Posting to Autocat
On 21/06/2013 18:06, J. McRee Elrod wrote:
While my messages are much more frequent that James’, my impression is that my individual messages are much shorter. Like this one.
According to my calculations (which could be incorrect but I don’t believe so), this is what I have for numbers of lines in messages for the top five posters of 2013:
|Aaron Kuperman||Frank Newton||J. McRee Elrod||James Weinheimer||john g marr|
|Total Number of Messages||146||68||284||108||123|
To be honest, I have posted relatively little lately, but the results surprised me as well. Probably if it were limited to the first three or so months, the results would look different. Still,I hope none of this changes what anyone is doing (it won’t change what I do!), and I hope that Mac and the others post as much as ever.
This illustrates what I think are some of the subtle dangers when working with metadata. While you can manipulate metadata up and down, in and out and over the moon, and while I agree it is “data”, I do not believe that in most cases, the result of this manipulation creates “information” and even less is it anything that approaches “knowledge”. The danger is that after all of this manipulation, somebody might actually think they do have some “information” that can serve as bases for decisions. No one should draw any conclusions from any such manipulations. The reason I say this is that the validity of much of statistics is based on “randomness”. For instance, you can do a statistical analysis of blackjack or poker and everything can work out rather well–so long as everything remains random. But the moment you get an active human mind involved, such as a card shark, your statistical analyses get thrown out the window–and if you are fool enough to persist in following your analysis against a card shark, you will soon find yourself sitting in nothing but your underwear. Here is a great scene from the wonderful movie “The Sting” http://www.youtube.com/watch?v=n3bnMv3ULes The hands in the movie clip are not Paul Newman’s but of the great John Scarne. I would not want to play in a card game against Scarne, no matter how good I thought my statistical analyses were!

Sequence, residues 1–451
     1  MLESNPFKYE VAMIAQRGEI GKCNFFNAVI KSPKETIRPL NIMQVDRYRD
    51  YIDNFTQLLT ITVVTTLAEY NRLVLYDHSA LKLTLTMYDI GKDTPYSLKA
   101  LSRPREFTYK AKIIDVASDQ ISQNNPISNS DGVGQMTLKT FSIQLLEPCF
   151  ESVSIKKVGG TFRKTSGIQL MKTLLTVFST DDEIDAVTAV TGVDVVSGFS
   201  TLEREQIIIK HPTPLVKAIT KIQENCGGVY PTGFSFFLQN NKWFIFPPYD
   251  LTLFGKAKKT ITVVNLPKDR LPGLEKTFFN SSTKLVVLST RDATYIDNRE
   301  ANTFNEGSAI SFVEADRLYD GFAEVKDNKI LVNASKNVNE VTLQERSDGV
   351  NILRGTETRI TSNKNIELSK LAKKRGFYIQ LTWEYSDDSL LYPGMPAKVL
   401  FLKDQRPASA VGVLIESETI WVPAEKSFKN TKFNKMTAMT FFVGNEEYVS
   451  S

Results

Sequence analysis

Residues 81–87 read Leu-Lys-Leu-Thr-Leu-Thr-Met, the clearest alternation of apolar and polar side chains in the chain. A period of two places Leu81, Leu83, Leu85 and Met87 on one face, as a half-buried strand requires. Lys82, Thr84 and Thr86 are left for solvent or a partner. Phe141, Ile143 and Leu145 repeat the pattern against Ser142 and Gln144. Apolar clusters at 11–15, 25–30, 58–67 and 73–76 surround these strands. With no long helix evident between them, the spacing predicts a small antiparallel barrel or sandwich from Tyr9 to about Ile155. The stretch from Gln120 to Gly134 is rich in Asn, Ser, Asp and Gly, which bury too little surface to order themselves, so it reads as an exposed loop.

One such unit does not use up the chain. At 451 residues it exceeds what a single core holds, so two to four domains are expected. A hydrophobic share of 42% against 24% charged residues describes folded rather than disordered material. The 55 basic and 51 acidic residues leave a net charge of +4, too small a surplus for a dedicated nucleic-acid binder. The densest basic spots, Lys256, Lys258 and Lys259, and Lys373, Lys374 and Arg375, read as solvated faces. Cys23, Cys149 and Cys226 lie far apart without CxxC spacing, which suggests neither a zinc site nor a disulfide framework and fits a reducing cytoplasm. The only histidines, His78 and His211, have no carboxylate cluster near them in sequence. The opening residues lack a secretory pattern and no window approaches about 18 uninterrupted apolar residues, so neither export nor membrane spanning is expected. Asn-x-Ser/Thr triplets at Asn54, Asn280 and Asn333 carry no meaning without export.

In the same way, what I write is not a random process (although I realize that some probably think it is!). I don’t think any of my colleagues above write things randomly but what they write, they do so in a thoughtful way. I want to read what they wish to share with us. Shakespeare certainly did not write at random. Therefore, any statistical analyses of his writings must remain highly dubious. And consequently, putting too much faith in statistical manipulations of many other types of metadata and its manipulation, hold similar dangers.
Does any of this concern cataloging? I think it does, since catalogers are supposedly supplying much of this “metadata” and the future of RDA/FRBR/BibFrame/Linked Data is for the public to “manipulate” the data/metadata that we create. I do not believe that catalogers can ethically ignore these sorts of concerns. And for differences in what IT people believe is metadata vs. what catalogers believe is metadata, I discuss in my podcast at http://blog.jweinheimer.net/2013/01/cataloging-matters-no-17-catalog-records-as-data.html
In sum, what I gave out in my previous post and the numbers here are “data” but I do not believe it is information, and certainly not “knowledge” or anything that is really useful. It may be interesting for a moment, but that is about all.